Parameters Day1 Day 3 Day5 Day 7 Day 9
Total count 18,000 14,000 11,600 8400 8200
Eosinophil% 10 6 2 2 1

Table 1: Blood counts of the patient during the hospital admission.

Patient was started on oral tablet of ivermectin 20mg/kg but he developed shortness of breath with bilateral crepitations. Diffuse alveolar hemorrhage was seen on Fibreoptic bronchoscopy and wet film of bronchoalveolar lavage (BAL) showed live and motile larva of S. Stercoralis (Figure 1). Aerobic culture of the BAL showed growth of Klebsiellapneumoniae, which was sensitive only to colistin for which he was treated with Inj. colistin 1 mU twice daily. Patient was continued on ivermectin and albendazole 400 mg twice daily. Patient’s general condition became stable. On the patient’s request, he was discharged with an advice to continue Ivermectin and albendazole for 2 weeks. On follow up, the patient’s stool examination was negative for S. stercoralis.

Clinical-Microbiology-lavage-showing

Figure 1:Wet film of bronchoalveolar lavage showing larvae of Strongyloides stercoralis.

Discussion

Infection with S. stercoralis was first reported in the year 1876 in French soldiers working in Vietnam, however, the clinical features of Strongyloidiasis were first described by Fulleborn in 1926 [1,3]. The first report of disseminated infection or hyperinfection dates back to 1966, when Cruz et al., and Rogers et al., independently documented the occurrence of fatal strongyloidiasis with immunosuppression [3].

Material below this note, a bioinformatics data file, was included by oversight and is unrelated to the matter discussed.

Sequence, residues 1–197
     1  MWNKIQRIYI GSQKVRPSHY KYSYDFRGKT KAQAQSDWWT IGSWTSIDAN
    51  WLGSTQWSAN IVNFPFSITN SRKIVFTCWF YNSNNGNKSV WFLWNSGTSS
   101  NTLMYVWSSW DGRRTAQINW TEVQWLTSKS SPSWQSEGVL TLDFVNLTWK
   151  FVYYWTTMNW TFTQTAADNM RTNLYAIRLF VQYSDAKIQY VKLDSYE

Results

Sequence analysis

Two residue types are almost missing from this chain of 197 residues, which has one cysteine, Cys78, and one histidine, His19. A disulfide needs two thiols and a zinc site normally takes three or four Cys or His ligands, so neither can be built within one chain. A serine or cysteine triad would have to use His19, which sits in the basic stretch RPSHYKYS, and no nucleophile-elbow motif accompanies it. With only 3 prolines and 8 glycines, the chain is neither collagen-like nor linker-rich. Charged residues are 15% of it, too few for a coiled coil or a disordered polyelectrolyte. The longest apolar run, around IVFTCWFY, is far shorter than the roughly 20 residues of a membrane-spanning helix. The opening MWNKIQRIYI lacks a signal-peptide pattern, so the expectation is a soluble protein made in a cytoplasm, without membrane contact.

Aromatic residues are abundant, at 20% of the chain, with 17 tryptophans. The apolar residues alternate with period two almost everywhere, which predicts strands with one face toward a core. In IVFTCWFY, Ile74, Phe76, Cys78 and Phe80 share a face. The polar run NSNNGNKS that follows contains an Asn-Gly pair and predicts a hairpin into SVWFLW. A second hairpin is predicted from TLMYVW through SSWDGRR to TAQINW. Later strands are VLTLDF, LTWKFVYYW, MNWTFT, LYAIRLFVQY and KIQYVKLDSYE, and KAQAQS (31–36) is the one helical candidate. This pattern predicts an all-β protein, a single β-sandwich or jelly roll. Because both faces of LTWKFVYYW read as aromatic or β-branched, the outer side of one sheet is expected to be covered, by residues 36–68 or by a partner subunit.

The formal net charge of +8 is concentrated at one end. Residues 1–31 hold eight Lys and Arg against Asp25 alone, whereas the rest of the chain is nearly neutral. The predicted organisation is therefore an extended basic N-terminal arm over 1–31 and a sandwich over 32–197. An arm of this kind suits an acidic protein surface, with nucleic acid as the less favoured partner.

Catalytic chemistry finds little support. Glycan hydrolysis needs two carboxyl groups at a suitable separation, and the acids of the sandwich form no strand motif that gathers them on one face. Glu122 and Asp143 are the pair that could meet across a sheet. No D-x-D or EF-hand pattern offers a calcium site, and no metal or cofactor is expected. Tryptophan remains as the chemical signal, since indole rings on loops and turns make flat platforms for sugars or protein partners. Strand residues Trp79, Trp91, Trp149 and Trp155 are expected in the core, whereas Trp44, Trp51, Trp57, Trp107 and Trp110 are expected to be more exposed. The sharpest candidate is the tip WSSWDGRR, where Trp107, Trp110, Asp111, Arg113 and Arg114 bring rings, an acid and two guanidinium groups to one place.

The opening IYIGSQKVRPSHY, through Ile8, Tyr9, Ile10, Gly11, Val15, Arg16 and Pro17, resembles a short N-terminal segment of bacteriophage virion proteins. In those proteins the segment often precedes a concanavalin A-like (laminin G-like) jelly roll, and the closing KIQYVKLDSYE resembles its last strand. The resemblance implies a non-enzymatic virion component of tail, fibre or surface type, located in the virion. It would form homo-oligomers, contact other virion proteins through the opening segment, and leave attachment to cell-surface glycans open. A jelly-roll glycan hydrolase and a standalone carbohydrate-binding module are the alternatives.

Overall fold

In India, the prevalence of strongyloidiasis in community based survey is 6.6% and hospital based survey is 11.2% [4]. Studies from various parts of Andhra Pradesh have shown that the prevalence of S. stercoralis, in diarrhea patients, ranges from 0.39-2% in the study regions [5-7]. Earlier, two cases of hyperinfection in immunocompromised patients were recorded (unpublished data) at our Institute.

S. stercoralis is unique among common helminthes for its potential for autoinfection and persistence and is more frequently found in immunosuppressed individuals, socio economically disadvantaged and persons walking on bare feet. Dissemination or hyperinfection occurs in patients with human T-cell lymphotropic virus type-1 infections (HTLV-1), hematologic malignancies, or others receiving corticosteroids, chemotherapy, or immunosuppressive for organ transplantation [2]. In immunosuppressed patients autoinfection leads to overwhelming number of migrating larva leading to dissemination which involves multiple organs or hyperinfection limited to gastrointestinal and respiratory tract as in our case [2,4].

In hyperinfection or dissemination, the worms, while migrating across the intestinal mucosa carry the enteric flora into the blood stream leading to Gram negative bacteremia [2].